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Minnesota’s Stewart Mills ‘Probably’ Not Running in 2018

The two-time candidate blames the NRCC for his narrow 2016 loss

Minnesota Republican Stewart Mills is leaving the door open to a 2020 congressional bid. (Tom Williams/CQ Roll Call)
Minnesota Republican Stewart Mills is leaving the door open to a 2020 congressional bid. (Tom Williams/CQ Roll Call)

Minnesota Republican Stewart Mills, a wealthy businessman who lost two consecutive races to Democratic Farmer Labor Rep. Rick Nolan, announced Wednesday night he is unlikely to run for the 8th District in 2018.

But he’s leaving the door open to future political activity, and potentially another congressional bid in 2020 — “if there is a meaningful change of leadership and priorities” at the National Republican Congressional Committee. 

In a lengthy Facebook post addressed to his supporters, Mills blamed his narrow 2016 loss on the NRCC cutting ad reservations for him in the final stretch of the race.

“It was a blow that we were not able to recover from. Even if I wanted to reach deeper into my own pocket to replace that broadcast media exposure, there wasn’t enough time to do so,” Mills wrote. “The NRCC succeeded in doing something the Democrats were unable to do, leave us flat-footed and unable to mount a commensurate campaign.”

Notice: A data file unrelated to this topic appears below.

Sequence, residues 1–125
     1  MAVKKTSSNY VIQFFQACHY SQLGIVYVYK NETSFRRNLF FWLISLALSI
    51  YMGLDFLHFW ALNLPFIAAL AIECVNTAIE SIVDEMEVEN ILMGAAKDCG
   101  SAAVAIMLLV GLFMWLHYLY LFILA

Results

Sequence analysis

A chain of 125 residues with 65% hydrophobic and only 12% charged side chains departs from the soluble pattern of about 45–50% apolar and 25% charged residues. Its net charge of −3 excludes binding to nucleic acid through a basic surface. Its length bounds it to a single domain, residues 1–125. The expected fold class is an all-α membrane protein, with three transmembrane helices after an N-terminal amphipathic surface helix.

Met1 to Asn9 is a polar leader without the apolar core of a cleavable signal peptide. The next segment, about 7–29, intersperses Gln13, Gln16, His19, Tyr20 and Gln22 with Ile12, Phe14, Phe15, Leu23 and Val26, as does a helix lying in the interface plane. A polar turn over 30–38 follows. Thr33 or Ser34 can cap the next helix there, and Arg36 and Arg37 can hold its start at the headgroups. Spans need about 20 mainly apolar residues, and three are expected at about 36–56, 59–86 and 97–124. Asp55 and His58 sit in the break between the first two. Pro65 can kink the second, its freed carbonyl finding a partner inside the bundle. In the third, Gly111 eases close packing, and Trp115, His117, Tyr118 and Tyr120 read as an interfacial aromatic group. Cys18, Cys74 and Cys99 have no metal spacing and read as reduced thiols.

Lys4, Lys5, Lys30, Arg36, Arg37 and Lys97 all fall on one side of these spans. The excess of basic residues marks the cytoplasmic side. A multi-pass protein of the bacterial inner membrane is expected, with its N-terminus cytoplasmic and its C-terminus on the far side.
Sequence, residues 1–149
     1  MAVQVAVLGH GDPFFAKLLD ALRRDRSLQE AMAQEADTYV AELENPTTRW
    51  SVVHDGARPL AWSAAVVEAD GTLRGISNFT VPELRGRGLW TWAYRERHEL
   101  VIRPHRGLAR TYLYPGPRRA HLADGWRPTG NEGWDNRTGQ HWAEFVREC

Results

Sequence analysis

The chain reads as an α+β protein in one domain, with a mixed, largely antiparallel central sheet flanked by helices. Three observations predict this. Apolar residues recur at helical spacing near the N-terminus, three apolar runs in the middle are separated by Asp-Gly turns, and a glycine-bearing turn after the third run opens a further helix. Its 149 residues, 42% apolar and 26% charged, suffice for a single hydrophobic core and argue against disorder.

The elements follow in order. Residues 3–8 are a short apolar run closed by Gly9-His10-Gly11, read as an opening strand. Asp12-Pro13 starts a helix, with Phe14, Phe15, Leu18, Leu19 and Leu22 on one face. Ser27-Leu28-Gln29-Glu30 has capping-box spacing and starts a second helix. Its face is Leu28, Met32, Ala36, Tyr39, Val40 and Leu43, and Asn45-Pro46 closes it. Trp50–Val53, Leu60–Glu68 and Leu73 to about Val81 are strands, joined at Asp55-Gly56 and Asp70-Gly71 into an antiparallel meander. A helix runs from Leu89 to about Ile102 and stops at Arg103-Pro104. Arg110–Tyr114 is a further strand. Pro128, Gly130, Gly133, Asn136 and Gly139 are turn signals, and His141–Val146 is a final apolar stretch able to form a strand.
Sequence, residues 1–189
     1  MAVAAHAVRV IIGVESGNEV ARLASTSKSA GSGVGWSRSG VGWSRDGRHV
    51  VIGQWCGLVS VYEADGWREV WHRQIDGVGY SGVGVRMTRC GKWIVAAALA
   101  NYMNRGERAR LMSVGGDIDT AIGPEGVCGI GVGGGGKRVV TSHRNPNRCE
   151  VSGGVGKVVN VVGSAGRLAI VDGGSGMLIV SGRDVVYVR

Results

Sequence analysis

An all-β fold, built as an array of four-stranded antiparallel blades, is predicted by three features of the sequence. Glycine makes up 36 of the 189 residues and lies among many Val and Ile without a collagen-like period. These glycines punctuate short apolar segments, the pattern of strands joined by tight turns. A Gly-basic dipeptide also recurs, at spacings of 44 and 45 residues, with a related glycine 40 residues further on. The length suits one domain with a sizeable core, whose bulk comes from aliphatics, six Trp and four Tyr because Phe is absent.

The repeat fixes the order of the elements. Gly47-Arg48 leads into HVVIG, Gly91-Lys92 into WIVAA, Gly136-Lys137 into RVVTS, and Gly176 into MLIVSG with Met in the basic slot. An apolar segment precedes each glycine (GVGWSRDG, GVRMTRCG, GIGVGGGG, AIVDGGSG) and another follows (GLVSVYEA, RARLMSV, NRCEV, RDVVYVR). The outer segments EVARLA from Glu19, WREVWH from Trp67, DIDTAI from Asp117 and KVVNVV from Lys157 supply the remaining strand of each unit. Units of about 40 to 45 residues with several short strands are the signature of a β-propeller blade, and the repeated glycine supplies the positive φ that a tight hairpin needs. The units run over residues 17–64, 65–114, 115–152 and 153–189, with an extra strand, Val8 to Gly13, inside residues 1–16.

[Mining Concerns Animate Minnesota Swing District

He praised Congressional Leadership Fund, the super PAC backed by House GOP leadership, for standing with him. CLF made the 8th District race a priority in 2016, spending more than $4 million against Nolan. The race attracted more than $15 million in outside spending, according to Open Secrets. Mills loaned his campaign about $2.3 million during the 2016 cycle.

[In Trump Country, Democrats Fight to Defend Minnesota Seat

He lost by less than a point, while President Donald Trump won the 8th District by 16 points. 

“This is sour grapes from one of the most overrated candidates I’ve ever seen,” said a GOP operative involved in his 2014 campaign. “This is a guy who couldn’t beat a socialist in a district that overwhelmingly voted for Trump. Good riddance.” 

In explaining why his name “probably will not appear on any ballot in 2018,” Mills said, “this is not a cycle I feel comfortable in.” He cited Nathan L. Gonzales’ summary of the biographies of some of the this year’s Democratic recruits. 

“The Republicans, in my direct and personal experience, are recruiting folks without a strategy, polling, or an explainable path to victory,” Mills wrote. “In my opinion, these candidates will be the sacrificial lambs the NRCC will build their incumbent protection strategy upon.”

The NRCC shot back Wednesday night.

“The NRCC believes this district is a prime pickup opportunity and is excited about the Republican field there,” Communications Director Matt Gorman said in an email. “As with the special elections earlier this year, our focus is winning elections by both protecting our incumbents and putting Democrats on defense.” 

[Brad Pitt and Minnesota’s 8th District

National Republicans are excited about Duluth Police Lieutenant Pete Stauber, a former professional hockey player with the Detroit Red Wings operation, challenging Nolan in 2018. Inside Elections with Nathan L. Gonzales rates the race Lean Democratic

Mills said he isn’t going away.

“I intend to be VERY involved in policy and politics this cycle,” he wrote.

Mills said he is “immersed in getting my planned initiatives off the ground.”

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